KARACHI: For the first time in Pakistan, a unique technology is being introduced to treat heart patients, whose left or right valves have become dysfunctional, enabling them to have mechanical hearts valves implanted.
Former goalkeeper of the Pakistan hockey team, Mansoor Ahmed will be the first patient to have this device implanted.
On the request of the head of the National Institute of Cardiovascular Diseases (NICVD) in Karachi, Professor Nadeem Qamar, world famous heart transplant surgeon Dr Pervez Chaudhry has joined the institute.
The use of this new technique is the result of the efforts of Prof Qamar. The head of the hospital has also given an order to an American firm to implant a Left Ventricular Assist Device (LVAD) in Ahmed. It will be implanted next month at the NICVD.
The use of an LVAD allows patients to live normal lives in cases where they otherwise would not be able to do so.
The hospital’s administration has begun work to offer new and advanced procedures to cardiac patients.
Ahmed has been suffering from complex cardiac issues for the past several years. Two years ago, a cardiac resynchronisation device was implanted in his weak heart, after which he was able to lead a normal life.
However, his cardiac issues resurfaced this year, after which Prof Qamar contacted Dr Chaudhry to intervene. He requested the surgeon to visit Pakistan and join the hospital to save several precious lives, including that of the former hockey team player.
Hospital administrator Dr Hameedullah Malik told Express News that Dr Chaudhary has indeed joined the institute. According to Dr Malik, all preparations for Ahmed’s procedure have been completed. He attributed the success of implanting a mechanical device in the heart to Prof Qamar.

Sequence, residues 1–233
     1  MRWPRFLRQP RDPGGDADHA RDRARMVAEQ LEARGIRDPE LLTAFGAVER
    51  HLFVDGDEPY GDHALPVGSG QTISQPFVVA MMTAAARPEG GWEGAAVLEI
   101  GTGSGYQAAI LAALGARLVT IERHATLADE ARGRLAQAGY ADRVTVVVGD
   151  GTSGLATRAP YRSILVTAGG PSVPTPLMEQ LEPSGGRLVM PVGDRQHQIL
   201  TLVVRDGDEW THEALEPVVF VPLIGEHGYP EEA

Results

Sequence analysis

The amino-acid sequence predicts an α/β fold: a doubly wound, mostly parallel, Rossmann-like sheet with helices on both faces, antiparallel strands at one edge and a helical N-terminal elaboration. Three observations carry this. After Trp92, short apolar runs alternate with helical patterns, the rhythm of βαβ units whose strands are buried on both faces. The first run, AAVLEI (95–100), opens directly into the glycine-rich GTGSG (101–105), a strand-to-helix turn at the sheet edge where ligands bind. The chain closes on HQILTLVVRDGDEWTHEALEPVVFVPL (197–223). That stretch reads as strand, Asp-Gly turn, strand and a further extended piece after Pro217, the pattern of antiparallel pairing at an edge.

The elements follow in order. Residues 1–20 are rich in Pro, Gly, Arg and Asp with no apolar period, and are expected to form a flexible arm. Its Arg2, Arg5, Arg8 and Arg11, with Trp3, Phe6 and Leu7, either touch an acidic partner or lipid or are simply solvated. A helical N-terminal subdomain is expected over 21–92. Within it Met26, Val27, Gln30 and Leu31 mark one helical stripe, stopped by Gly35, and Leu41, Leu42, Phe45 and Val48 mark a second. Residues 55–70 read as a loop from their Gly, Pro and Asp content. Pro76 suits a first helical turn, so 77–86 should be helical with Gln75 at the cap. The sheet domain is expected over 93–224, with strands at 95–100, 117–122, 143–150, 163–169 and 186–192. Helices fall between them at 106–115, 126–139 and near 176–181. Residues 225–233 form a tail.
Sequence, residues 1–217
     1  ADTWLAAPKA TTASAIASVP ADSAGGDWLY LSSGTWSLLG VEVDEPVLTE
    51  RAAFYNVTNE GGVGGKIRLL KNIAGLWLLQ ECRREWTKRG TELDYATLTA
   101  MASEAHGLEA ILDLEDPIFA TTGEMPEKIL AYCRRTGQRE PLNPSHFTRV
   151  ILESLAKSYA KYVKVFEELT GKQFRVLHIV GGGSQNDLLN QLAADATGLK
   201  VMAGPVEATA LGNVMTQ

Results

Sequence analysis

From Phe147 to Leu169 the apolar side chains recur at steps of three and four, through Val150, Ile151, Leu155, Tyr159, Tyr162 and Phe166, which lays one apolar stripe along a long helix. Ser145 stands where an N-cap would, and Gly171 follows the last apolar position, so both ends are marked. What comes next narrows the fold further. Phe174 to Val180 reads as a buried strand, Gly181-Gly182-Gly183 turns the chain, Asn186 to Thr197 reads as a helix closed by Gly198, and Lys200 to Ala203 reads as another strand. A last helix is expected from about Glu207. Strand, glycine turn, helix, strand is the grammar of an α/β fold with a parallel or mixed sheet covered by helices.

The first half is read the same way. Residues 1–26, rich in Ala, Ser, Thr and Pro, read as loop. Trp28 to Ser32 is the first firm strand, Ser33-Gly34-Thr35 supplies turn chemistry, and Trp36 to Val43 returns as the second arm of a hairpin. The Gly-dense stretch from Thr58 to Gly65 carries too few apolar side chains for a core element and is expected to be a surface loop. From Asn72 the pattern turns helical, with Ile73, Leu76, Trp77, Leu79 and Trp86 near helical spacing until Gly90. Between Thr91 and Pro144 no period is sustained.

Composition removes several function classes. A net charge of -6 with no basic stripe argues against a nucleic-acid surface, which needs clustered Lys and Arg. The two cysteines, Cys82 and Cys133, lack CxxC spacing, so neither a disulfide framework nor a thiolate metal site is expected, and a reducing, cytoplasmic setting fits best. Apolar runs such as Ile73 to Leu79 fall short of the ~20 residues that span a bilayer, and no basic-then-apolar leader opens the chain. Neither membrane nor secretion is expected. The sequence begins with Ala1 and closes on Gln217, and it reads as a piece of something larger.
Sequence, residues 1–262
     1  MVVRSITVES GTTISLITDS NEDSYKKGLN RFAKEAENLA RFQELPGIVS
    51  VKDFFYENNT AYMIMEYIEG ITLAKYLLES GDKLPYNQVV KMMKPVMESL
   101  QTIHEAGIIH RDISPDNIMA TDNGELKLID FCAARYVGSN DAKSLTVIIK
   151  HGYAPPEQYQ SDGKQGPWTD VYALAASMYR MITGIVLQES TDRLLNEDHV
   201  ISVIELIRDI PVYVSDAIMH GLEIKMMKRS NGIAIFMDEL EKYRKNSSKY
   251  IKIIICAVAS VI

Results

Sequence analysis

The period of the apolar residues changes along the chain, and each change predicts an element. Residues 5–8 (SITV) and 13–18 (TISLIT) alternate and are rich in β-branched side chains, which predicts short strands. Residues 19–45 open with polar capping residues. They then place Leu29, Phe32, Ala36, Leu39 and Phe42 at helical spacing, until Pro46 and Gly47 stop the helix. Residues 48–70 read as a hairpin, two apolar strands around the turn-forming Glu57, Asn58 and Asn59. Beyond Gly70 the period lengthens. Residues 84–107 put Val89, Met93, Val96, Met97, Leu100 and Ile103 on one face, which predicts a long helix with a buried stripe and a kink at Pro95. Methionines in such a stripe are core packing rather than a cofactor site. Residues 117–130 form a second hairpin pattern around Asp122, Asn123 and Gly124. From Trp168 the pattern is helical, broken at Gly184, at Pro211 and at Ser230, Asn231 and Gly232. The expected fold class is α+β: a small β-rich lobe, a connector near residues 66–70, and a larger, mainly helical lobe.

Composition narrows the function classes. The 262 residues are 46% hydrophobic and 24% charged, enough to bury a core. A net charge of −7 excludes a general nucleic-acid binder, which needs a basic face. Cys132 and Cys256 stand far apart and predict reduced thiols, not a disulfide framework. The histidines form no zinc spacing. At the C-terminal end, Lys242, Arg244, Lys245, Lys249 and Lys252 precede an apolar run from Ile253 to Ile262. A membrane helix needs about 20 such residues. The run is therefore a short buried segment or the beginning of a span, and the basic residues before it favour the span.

Dr Malik said this is the first time the LVAD is being introduced in Pakistan. A mechanical device is inserted in the right side of the patient’s heart. Due to the procedure, the right side of the heart will start functioning with the help of the device.
He shared that the new technique is receiving acknowledgment and that this technique is a ray of hope for cardiac patients.
Patients whose hearts stop functioning are candidates for LVADs. Dr Malik said that the cost of the procedure is very high but it will be provided free of charge at the NICVD. He thanked the Sindh government, saying that the chief minister has supported the institute and played an important role in ensuring treatment for poor patients with the most advanced technology.
Contrary to media reports that Ahmed had refused to be treated at the NICVD and instead wanted to undergo a heart transplant in India, Dr Malik said he is still under observation at the facility.
He said that currently, the team of doctors is trying to control Ahmed’s dehydration that he has been suffering since his lungs were filled with water. According to Dr Malik, there is no one to look after him and he has not turned down the hospital’s offer of the free of charge procedure as long as he recovers completely after the surgery.